"I love my cats because I love my home, and little by little they become its visible soul." Jean Couteau

Saturday, July 23, 2016

the end of an era

Today I said goodbye to an old friend. Her name is Roberta, and she has been with me since the summer of 2000. Roberta was my first computer, the one I got when I started college. Don't judge; we went through a lot together.

Yes, that's a beige computer with a CRT monitor. That's what computers were like in 2000. Roberta was a Dell desktop and came with a 20GB hard drive loaded with Windows 98. She had a CD-ROM (not writable) drive, a Zip drive, and a floppy drive! When I got to school, and the IT folks were helping get everyone's computers set up on the network, they had to assign the computers a name. They asked what I wanted to name my computer, and I chose Roberta after one of the characters in "Firestar" by Michael Flynn, one of my favorite novels at the time. Roberta was this tough, angsty, Goth, poet teenager, who my alter-ego totally identified with. And so I named my computer after her.


Roberta went through my changes over the years I was in college. I upgraded from Windows 98 to Windows 2000 and eventually to Windows XP. And this was back in the days when upgrading your operating system wasn't just a quick download. It meant backing up all your files because the install from CDs would wipe your hard drive, installing the OS, which took a long time, then reinstalling all your files. 

A friend gave me a small, 4GB hard drive, helped me install Redhat Linux on it, and taught me how to set up my machine to dual-boot. That saved my butt when I installed software that came with one of my textbooks that turned out to be incompatible with Windows 2000 and crashed my system. With dual-booting, I was still able to boot into my Linux drive and access my files to back them up before reinstalling Windows. Later, I replaced the original 20GB hard drive with a bigger, 80GB drive.

One of my sister's grad school friends gave me an old DVD drive he didn't need anymore, so then I could watch movies on my computer, which was exciting. At another point, I replaced the old CD-ROM drive with a CD read-writable drive, so I could burn lots of music CDs to play in my car. 

The first time I opened up my computer, I forget what it was for, probably to add a hard drive, I was so scared. Excited, and scared. As an electrical engineering major, I was super excited to learn about the insides of my computer, especially since I was at school with tons of guys who had already built their own computers from scratch. And I was terrified of breaking it. But I had friends who helped me and taught me, and I didn't break anything, and I learned how to figure things out. I learned practical things that weren't taught in any of my classes.

Now, at home, I prefer laptops, small, portable, grab it and sit on the couch and write emails or scan Facebook or whatever. But you can't take them apart and upgrade them the same way you can a desktop because everything has to be packed in there just so.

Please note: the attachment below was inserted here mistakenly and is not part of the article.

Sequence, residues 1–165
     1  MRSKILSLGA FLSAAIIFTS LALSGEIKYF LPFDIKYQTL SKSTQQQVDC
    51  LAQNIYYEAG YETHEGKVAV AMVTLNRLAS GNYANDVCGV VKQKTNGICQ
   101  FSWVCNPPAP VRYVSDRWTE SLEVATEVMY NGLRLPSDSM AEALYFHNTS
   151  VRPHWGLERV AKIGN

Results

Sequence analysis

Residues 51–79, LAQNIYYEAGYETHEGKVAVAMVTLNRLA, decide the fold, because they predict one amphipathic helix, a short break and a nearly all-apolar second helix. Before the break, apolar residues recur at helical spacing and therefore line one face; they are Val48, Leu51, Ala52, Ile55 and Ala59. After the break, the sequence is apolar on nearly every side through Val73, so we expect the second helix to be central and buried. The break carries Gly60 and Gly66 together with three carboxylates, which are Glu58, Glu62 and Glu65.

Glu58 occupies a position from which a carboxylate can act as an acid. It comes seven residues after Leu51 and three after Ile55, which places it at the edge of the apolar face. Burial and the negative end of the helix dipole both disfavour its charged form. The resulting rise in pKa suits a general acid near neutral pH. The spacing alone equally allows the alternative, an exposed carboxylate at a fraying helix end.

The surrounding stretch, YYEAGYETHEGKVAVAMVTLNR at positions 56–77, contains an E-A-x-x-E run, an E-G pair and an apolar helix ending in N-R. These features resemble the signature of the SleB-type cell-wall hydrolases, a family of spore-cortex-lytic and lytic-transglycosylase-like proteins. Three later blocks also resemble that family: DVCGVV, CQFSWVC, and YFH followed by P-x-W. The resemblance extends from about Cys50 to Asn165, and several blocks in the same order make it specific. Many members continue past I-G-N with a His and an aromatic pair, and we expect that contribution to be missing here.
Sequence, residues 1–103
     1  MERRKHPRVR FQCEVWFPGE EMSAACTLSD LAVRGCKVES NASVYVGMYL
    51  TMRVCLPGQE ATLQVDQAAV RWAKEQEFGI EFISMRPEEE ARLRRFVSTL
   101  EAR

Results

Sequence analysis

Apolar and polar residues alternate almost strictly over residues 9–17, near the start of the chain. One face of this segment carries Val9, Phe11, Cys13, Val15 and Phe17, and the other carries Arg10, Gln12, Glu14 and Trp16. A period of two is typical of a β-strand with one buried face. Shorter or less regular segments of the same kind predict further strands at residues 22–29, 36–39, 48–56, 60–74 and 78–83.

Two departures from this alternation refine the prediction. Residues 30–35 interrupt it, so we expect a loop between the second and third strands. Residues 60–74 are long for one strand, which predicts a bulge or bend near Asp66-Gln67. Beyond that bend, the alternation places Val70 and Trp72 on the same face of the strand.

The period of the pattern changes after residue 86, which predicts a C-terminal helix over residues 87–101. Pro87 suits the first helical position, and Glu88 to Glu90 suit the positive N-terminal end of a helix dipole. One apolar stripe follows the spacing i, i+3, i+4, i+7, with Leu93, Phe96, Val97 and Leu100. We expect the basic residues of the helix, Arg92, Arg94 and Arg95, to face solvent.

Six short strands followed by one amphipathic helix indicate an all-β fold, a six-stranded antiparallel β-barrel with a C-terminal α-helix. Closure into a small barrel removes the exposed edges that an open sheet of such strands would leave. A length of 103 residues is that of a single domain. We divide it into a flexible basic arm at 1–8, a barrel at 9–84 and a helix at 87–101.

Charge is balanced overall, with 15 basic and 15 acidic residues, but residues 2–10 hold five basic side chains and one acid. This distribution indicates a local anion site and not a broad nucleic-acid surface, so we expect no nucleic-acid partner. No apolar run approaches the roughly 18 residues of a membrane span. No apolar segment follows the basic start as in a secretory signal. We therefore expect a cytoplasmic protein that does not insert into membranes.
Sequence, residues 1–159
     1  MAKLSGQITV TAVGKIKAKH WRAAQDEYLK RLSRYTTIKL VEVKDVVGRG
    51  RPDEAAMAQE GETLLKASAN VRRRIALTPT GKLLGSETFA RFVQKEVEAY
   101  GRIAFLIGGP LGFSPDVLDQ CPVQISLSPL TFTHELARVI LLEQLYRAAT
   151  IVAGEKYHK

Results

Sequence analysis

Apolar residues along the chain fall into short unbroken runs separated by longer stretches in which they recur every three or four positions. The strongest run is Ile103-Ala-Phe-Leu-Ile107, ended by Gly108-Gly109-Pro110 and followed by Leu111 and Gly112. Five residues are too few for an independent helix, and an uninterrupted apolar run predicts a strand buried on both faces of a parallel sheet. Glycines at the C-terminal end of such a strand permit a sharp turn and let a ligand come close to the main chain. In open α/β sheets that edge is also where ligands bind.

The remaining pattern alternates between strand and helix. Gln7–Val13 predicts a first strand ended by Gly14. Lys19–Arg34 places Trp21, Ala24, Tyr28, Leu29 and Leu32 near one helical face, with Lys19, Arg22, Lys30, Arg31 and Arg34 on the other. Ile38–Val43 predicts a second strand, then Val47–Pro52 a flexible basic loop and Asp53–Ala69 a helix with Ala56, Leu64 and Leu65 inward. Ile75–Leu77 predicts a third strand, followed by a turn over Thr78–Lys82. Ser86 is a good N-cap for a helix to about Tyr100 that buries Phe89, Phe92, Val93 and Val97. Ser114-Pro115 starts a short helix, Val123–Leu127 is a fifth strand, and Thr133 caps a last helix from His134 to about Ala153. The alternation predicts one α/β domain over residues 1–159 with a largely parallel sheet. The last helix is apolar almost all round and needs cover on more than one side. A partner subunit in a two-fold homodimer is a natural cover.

I've kept Roberta for 16 years. For the past several, she's just sat on my desk, collecting dust and various unimplemented plans. I've decided that I might like to actually use my desk sometimes, on the rare occasions when I work from home, and so it was time for Roberta to go, to make room for new things. Because sometimes, you can hold onto the memories, while letting go of the things, and that can be OK.

Sunday, July 17, 2016

hanging and rearranging

Zach and I went on vacation to London a few months ago. I didn't necessarily expect us to get much in the way of souvenirs, so a big part of my plan for the trip was to get some really great classic-shot photos, print them in black and white, and frame them up in our house. Well, mission accomplished. In my personal opinion, I was able to get some pretty great shots. 

I hadn't had photos printed anywhere in a really long time, so I asked some Facebook friends for recommendations. I didn't get many, but one of them was mPix.com, so I went there. I got eight 8x10 mostly black and white photos printed (I did some selective colorization of a few things, like the iconic red telephone booth). Then I went to Michael's where, luckily, they were having a buy one get one free sale and 8x10 wall frames :-D

Then it was a matter of figuring out where to hang all these photos. We don't actually have a lot of big walls available -- most are filled with windows, and the others are covered with big furniture or other art. So I'd been thinking I'd have to split up the photos, but as I was pondering where and how to do that, I had the brilliant idea that I could just MOVE one of our other art pieces off the long wall in our main hall. DUH! 

We'd just move that red painting on the right across the hall to the weird-shaped empty wall above the recycle bin.

I asked Zach what he thought, and he agreed it was a good plan. So then I got to work laying out the photos, figuring out which should go where. Michael's hadn't had 8 frames all the same, so I'd gotten 4 and 4, so I wanted to kind of mix around the frames, so the same ones weren't all grouped together. I'd also done 4 photos with some selective colorization and 4 straight black and white, so I wanted to mix those around too. 

I got a layout I was OK with and then enlisted Zach's help for the hanging. We started at the far right. We measured the height of the entire group and just eye-balled where we wanted that on the wall. The first picture was going to be pretty much centered on that overall height, and we knew where its edge was supposed to be (about even with the light switch plate), so then I just held up the picture and stuck my finger down where the hanger was on the back. I handed Zach the picture while keeping my finger marking the spot, and he handed me a nail. And that's about how we went the whole way, measuring distance between pictures, eye-balling height, getting pretty close with holding the picture up and sticking a finger by the hanger. I didn't care if it was all super precise, as long as the spacing looked generally pleasing at the end. And I think it does :-)